The Prison
Justin. Age 13. Furlong, PA

I had been sent to the prison. Two stories of dull grey stone, its figure looming over us as we entered. I was ushered through two doors. On the other side, shady hallways stretched into an everlasting gloom. I was stewarded down these hallways, into the everlasting darkness, until I came to a door. Although the lights inside this door were dim, I would do anything to escape the shadow of the hallways. I would soon find it a mistake to leave those hallways. The room I had just entered was freezing cold! But that wasn’t the only problem. The room was as packed with people as a FedEx box is with bubble wrap. Teeth chattering, I tried to find a place to sit in the room. When I found a seat, a tall man, the warden of this prison, silenced the cacophony in the room with a shout into his megaphone. I sat with an impending sense of dread as the warden described the various “activities” at the prison. “Activities!?” I thought. What “activities” could I possibly do here! The warden may want this prison to be fun and happy, but the other inmates and I knew the truth: This jail is just here to hold us captive from the fun and happiness that goes on in the world outside. The warden, still speaking, was unexpectedly cut off by a blare as loud as the roar of a lion. Suddenly, the innumerable people started moving forward, quelling anyone in their path. I had no choice but to join them in the crawl towards the door. The day at the prison had started.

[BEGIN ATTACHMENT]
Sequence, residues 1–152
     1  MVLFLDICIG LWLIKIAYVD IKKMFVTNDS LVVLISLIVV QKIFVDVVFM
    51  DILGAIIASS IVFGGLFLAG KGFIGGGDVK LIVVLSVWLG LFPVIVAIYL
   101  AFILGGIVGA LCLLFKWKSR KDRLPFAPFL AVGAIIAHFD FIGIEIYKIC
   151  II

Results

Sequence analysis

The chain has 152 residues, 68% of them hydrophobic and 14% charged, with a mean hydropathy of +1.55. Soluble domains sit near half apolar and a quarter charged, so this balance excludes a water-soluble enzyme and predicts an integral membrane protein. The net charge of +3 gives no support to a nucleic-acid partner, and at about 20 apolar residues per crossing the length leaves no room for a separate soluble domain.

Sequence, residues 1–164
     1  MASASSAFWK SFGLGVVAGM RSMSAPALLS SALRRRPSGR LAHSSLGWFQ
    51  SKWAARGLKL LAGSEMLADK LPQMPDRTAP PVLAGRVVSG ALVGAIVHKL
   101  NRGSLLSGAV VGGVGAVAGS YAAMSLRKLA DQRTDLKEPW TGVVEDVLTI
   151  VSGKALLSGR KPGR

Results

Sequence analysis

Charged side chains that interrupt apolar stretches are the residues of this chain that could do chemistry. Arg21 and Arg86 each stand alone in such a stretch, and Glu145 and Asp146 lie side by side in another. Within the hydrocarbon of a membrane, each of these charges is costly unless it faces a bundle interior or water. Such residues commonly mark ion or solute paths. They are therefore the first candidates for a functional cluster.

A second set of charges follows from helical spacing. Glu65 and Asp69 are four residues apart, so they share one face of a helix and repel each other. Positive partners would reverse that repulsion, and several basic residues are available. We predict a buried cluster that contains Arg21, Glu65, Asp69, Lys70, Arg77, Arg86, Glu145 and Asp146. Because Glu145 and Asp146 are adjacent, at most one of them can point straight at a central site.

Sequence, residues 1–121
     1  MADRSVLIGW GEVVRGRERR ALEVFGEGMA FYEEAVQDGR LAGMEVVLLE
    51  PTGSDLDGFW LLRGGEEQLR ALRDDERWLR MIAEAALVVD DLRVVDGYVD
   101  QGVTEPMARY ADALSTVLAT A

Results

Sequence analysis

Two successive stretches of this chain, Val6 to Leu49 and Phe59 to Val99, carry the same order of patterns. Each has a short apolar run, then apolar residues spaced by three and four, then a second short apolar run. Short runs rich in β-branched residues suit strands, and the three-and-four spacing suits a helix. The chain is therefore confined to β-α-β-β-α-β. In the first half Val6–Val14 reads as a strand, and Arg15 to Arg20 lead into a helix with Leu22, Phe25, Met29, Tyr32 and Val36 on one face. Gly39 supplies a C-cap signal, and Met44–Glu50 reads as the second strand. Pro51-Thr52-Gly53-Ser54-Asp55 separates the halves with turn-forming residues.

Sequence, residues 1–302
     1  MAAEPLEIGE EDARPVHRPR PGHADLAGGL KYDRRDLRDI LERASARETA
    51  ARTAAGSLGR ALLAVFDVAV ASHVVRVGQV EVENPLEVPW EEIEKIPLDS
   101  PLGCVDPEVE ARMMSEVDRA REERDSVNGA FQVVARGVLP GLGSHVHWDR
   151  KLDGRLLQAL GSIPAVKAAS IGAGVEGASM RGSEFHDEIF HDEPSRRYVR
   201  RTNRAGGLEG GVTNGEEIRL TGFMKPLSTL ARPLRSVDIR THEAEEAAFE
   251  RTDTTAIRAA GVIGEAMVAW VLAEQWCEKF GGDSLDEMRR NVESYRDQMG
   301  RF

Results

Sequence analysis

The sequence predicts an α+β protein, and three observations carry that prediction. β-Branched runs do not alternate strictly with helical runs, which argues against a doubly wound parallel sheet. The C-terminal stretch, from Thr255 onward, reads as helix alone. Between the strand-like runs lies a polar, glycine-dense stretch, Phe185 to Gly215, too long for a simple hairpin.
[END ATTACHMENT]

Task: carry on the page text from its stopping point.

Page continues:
The plethora of people, moving around the prison as slow as molasses, were led up a flight of stairs seemingly as long as the distance between the earth and the sun. Sulking, I trudged up the stairs, resigned to my fate as an inmate. The mass of people, me included, were soon sent to our cells, small rectangular prisms, where we were supposed to keep our personal belongings. “How are we supposed to keep are possessions in a space this small?” I asked. “This cell is smaller than a mouse!” Another alarm blared, this one signalling the inmates to travel to their containment room. I had already heard horror stories about these containment rooms. Supposedly, adults hold the inmates captive for hours in these rooms, keeping the inmates in complete silence all the while. The adult that contains you has a massive impact on how your life as an inmate goes. If your adult officer is okay, you may be able to bear coming to the prison every day. If your adult officer is awful, then you can look forward to thousands of minutes of misery in the prison. This is it, I told myself, your future is about to be decided. Nervously, I stepped into the room. I took in the bright colors, the sunlight streaming through the huge window in the containment room. My adult, a medium-sized women with a bright smile on her face, beamed at me as I entered the room. “Hello,” she said, “My name is Ms. Ambrosini!”

I was stunned. This was the first time I had seen a smile since I stepped into the school. The other students were smiling as well. I had never seen a scene of such happiness and joy. Maybe this year won’t be so bad, I thought to myself.

The first day at Holicong Middle School was much better than I expected. At the beginning of the day, I had thought that the year would be awful, with homework after homework, test after test, coming my way. Instead, I have found that the prison, Holicong Middle School, isn’t so bad. It just goes to show: Never judge a person or place based on the stories of other people. Wait until you experience the person or place to form your opinion. I will be sent to the “prison” again next year. Except this time, I’ll enjoy it.

Home | Read | Write | Copyright | Privacy

This page was last updated on August 07, 2015 by the KIdsWWwrite Webmaster.